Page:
At three weeks you are already at or near the hump. The thing about working a station on the line is the repetition. You only feel so overwhelmed because it is a new menu that requires you to learn, and perfect a new series of actions, timing and thoughts simultaneously. You are just building your skills, which is a process that never ends!

Whether you are peeling, and slicing apples or onions, or shucking oysters, or cracking eggs after the first couple hundred you will absolutely get faster! You already know this from your first three years of cooking. Think about and compare how long it took you to do something your first few weeks cooking and how fast you could do that same task three years later. "Of course I can do that fast, I have made that hundreds of times"... Got it?

Organization of tasks is critically important. Breaking down every dish you are responsible for, into components helped me. Mis en place really, really helps! Breaking down the dishes you have to prep for and serve from your station is all about having what you need, when you need it. Having to do prep work in the middle of service is no good.

You'll be fine...
Joined May 23, 2018
I can relate 100% reading this sparked some memories of when i first started at my first professional kitchen. I lied my way in over an e mail and an interview with my executive chef. He chose to give me a chance and little did i know i took a bite way too big to chew until i stepped in with a dull cuisinart knife, a pair of dirty sneakers and a very anxious mentality.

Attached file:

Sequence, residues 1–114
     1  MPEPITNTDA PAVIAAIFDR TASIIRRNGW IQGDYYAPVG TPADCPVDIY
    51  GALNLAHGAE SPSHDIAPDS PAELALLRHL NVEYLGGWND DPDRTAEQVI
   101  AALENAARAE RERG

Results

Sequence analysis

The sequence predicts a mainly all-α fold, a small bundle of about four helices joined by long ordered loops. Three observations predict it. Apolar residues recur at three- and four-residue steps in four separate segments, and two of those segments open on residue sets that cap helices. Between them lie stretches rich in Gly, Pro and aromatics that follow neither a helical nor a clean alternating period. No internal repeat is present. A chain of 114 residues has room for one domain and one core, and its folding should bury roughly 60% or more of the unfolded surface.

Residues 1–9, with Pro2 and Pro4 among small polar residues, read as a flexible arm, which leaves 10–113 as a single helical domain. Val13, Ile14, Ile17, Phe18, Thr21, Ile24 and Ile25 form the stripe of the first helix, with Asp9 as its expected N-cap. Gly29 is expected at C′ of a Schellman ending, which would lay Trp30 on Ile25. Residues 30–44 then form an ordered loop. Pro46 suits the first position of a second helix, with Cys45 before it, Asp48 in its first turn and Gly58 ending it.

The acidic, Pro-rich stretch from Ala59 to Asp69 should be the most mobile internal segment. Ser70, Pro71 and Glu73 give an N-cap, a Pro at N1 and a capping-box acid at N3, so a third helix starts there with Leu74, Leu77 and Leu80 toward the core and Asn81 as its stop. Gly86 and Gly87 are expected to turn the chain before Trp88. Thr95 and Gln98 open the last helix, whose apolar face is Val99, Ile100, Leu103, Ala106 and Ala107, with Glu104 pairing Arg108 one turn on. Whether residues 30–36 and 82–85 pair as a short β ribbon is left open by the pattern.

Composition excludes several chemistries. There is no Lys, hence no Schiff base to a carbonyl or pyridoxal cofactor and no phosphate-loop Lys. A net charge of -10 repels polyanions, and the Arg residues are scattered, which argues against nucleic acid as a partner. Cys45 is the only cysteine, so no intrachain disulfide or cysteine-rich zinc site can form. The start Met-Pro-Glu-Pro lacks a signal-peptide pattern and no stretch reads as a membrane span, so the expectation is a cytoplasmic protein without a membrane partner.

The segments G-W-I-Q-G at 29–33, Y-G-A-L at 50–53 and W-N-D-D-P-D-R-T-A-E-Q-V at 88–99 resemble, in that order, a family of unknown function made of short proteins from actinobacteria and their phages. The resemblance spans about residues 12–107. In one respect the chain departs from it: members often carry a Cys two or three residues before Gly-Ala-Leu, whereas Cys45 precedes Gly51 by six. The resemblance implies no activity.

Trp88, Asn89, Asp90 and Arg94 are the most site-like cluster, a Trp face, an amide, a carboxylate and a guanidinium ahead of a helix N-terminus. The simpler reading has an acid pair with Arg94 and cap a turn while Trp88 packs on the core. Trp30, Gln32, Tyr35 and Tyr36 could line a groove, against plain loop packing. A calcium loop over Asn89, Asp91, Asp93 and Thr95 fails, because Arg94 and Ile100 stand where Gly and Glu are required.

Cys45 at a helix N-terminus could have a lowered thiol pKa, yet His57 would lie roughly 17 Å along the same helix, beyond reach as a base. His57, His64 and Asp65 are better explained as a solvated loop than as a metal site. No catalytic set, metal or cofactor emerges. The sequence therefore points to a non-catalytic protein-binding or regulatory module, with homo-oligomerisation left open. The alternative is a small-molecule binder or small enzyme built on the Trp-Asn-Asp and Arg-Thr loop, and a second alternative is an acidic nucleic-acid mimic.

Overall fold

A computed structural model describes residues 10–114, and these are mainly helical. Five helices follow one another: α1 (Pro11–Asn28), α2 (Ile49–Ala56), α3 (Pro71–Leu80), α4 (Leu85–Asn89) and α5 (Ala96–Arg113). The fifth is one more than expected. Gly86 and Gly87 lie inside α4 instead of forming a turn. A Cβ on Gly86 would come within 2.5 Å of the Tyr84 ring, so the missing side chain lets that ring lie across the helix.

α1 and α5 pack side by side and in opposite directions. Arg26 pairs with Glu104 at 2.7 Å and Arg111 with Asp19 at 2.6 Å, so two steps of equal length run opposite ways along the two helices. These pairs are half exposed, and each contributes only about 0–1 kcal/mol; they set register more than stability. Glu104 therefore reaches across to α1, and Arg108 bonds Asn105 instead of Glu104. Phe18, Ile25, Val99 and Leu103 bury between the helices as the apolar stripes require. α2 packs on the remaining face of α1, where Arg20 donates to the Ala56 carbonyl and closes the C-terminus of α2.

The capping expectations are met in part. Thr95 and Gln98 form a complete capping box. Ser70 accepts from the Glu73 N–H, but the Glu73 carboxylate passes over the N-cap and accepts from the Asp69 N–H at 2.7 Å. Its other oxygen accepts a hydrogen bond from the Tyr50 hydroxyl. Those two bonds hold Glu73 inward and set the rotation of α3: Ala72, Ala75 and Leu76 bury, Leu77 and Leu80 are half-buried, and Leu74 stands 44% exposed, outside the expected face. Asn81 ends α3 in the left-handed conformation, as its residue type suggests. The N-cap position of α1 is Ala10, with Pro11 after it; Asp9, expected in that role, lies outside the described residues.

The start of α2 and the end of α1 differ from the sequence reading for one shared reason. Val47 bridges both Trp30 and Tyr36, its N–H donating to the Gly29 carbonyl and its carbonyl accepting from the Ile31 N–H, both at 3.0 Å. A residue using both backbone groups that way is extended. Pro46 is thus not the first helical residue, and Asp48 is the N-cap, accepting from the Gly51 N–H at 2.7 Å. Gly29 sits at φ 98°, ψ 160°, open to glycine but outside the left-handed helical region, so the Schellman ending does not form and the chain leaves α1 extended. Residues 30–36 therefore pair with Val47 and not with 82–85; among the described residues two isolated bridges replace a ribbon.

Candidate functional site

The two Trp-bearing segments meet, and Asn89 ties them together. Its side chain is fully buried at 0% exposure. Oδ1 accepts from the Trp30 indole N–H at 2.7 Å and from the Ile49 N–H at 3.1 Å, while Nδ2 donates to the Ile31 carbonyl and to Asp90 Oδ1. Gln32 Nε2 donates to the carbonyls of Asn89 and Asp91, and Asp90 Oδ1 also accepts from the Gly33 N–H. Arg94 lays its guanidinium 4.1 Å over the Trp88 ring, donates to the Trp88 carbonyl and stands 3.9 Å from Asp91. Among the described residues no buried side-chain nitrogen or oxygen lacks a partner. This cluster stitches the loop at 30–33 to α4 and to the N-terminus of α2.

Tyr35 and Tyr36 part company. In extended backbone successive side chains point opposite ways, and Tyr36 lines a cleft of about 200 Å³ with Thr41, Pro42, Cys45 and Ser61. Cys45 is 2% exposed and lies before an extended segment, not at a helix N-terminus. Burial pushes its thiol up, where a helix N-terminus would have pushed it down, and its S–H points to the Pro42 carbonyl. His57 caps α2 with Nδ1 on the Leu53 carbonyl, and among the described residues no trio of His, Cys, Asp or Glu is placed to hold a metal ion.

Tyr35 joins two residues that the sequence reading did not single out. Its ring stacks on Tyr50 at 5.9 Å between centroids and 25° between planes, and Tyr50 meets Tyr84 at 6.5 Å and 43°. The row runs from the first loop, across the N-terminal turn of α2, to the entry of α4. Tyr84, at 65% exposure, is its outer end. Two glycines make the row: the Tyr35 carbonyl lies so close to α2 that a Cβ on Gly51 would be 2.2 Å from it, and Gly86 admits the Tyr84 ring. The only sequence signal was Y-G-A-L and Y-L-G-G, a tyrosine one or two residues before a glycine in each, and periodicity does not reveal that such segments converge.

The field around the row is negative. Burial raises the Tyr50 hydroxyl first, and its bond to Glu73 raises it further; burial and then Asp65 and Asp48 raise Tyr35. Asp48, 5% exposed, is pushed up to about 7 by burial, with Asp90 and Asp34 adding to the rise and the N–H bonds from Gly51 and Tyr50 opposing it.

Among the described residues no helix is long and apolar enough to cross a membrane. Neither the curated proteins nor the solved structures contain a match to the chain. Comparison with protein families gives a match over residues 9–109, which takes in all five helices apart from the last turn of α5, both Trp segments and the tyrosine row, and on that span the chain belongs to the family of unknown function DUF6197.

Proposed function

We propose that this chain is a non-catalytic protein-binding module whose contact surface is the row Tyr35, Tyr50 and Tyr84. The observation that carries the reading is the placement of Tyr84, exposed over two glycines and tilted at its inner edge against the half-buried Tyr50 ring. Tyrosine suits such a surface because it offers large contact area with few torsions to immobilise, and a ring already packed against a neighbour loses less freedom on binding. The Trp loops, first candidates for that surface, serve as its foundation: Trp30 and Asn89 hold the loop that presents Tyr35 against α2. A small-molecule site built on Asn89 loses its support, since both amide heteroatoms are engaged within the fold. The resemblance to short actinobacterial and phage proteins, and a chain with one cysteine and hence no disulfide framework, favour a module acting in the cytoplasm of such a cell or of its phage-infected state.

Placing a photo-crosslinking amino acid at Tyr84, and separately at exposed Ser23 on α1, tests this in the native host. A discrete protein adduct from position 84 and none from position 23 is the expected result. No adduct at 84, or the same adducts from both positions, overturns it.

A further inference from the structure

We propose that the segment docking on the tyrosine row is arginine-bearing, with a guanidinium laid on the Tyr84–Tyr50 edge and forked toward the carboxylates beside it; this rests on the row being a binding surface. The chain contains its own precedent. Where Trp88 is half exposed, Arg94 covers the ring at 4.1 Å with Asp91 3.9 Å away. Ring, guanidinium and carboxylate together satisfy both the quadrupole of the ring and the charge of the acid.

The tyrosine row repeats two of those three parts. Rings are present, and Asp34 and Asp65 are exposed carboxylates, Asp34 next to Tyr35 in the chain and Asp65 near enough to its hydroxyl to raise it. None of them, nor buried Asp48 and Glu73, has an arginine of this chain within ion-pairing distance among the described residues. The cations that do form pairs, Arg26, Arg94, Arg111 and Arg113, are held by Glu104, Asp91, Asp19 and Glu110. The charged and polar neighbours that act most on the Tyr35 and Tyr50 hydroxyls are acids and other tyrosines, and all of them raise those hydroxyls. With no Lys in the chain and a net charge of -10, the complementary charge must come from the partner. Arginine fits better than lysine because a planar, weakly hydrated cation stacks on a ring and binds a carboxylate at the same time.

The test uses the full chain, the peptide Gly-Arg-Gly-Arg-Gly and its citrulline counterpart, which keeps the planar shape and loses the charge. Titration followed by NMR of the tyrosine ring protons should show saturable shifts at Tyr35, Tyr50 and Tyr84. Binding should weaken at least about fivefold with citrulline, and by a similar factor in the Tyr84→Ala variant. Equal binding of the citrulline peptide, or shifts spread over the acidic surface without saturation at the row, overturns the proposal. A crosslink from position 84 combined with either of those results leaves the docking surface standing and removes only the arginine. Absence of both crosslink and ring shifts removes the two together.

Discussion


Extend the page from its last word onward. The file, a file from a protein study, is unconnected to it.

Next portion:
My first friday service was on pantry over dressing salads, missing elements of appetizers, messy, just failing when the pressure hit while feeling the embarrassment from the veterans who saw me as a joke. I was scared to ask questions thinking id look stupid or unknowledgeable of what i hyped myself up to my chef that i can do.

Time went by and lessons where learned the hard way by getting my ass chewed out or seeing why others got chewed out. I was so focused on succeeding and showing i can grow and fit as a cook. Advice was given, ears were open, mouth was shut, and respect was gained.

5 months later im ready 30min before service so i started helping others get there mise prepped and organized lole the grill and sautee guys who always dogged on me. My 3 sous chefs saw my efficiency yet hesitant pattern of leadership. I just didnt want to mess up anything right so i never spoke up. I just learned and eventually im having beer with everyone after service..fitting in and becoming a member of the team.

That being said confidence grew and the doors opened to expo. Directing servers, runners, and the resentful cooks to a newb telling them what to do in a sense. I was ignored and mocked at times and that is how it goes. You leave your emotions at the door or the bathroom while buttoning up your coat looking at yourself with faith and excitement for success and growth.